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Labour shortage prompts big change to international student visas

University buildings; students graduating amid labour shortages
International graduates will be able to extend their stay in Australia to alleviate the nation's labour shortage. (Source: Getty)

The Australian Government has announced changes to the post-study work rights of international students in a bid to combat labour shortages.

The announcement, made by the departments of Home Affairs and Education on Friday, will allow specific degree holders to stay for an additional two years.

Home Affairs Minister Clare O'Neil said the working hours of international students "will be capped again in June next year" to strike the right balance between work and study.

Nursing, engineering, IT and data degrees top of agenda

The Government revealed post-study work rights for graduates in industries with skills shortages would be extended to four years. Master's degree holders will be able to stay for five years, and PhD students for six.

According to reporting by the Sun-Herald and Sunday Age, nursing, engineering, IT and data degrees will be at the top of the agenda to help fill the major jobs shortages in Australia.

International students on campus at university
The visa changes will allow specific degree holders to stay for an additional two years to work in their chosen field. (Source: Getty)

As part of the program, a working group will be established to advise the ministers for Home Affairs and Education on the development of this program and related issues.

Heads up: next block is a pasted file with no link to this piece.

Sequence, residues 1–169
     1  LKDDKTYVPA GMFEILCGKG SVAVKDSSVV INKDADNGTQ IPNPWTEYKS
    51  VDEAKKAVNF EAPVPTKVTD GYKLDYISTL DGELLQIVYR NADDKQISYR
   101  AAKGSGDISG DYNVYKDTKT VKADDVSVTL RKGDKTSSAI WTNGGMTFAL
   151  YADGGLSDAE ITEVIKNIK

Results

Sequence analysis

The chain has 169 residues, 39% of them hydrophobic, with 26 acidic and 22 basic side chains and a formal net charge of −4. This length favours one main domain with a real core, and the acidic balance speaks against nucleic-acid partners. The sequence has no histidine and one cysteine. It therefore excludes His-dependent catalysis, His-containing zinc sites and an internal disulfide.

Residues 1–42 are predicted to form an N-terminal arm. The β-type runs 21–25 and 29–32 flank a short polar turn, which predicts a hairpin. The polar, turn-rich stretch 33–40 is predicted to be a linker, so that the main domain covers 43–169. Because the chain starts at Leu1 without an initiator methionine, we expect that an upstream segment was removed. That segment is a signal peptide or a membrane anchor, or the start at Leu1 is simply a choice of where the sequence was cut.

The working group will include representatives from the Council of International Education, the National Tertiary Education Union, Universities Australia, and the departments of Home Affairs and Education.

Working-hours cap in place from June 2023

The Department of Home Affairs confirmed to SBS Hindi that the work hours cap for international students would come into place from June 30, 2023.

"Allowing international students to work provides valuable skills to the Australian workforce, while enhancing the social and educational experience of students during their stay in Australia," the department siad.

"However, work should always be ancillary to study."

O'Neil echoed these sentiments, saying the outcomes from the Jobs and Skills Summit focused on supporting international education and allowing recent graduates to contribute to the productivity of the Australian economy.

O'Neil said the review into the migration system would look into better recognising prior qualifications and skills and getting more refugees into the workforce.

Fewer students stay after study

Only 16 per cent of international students stay on to work after their studies end in Australia, compared to 27 per cent in Canada.

"We can do so much better with this critical decision we make about who we should invite here and getting them on a pathway to permanency and citizenship, and we're just not being strategic about that at the moment," O'Neil said.

The Federal Government said it would invest $36.1 million in visa processing to support 500 surge staff over the next nine months.

They will also look to significantly fast-track visas for foreign graduates so they can begin working in their field of study.

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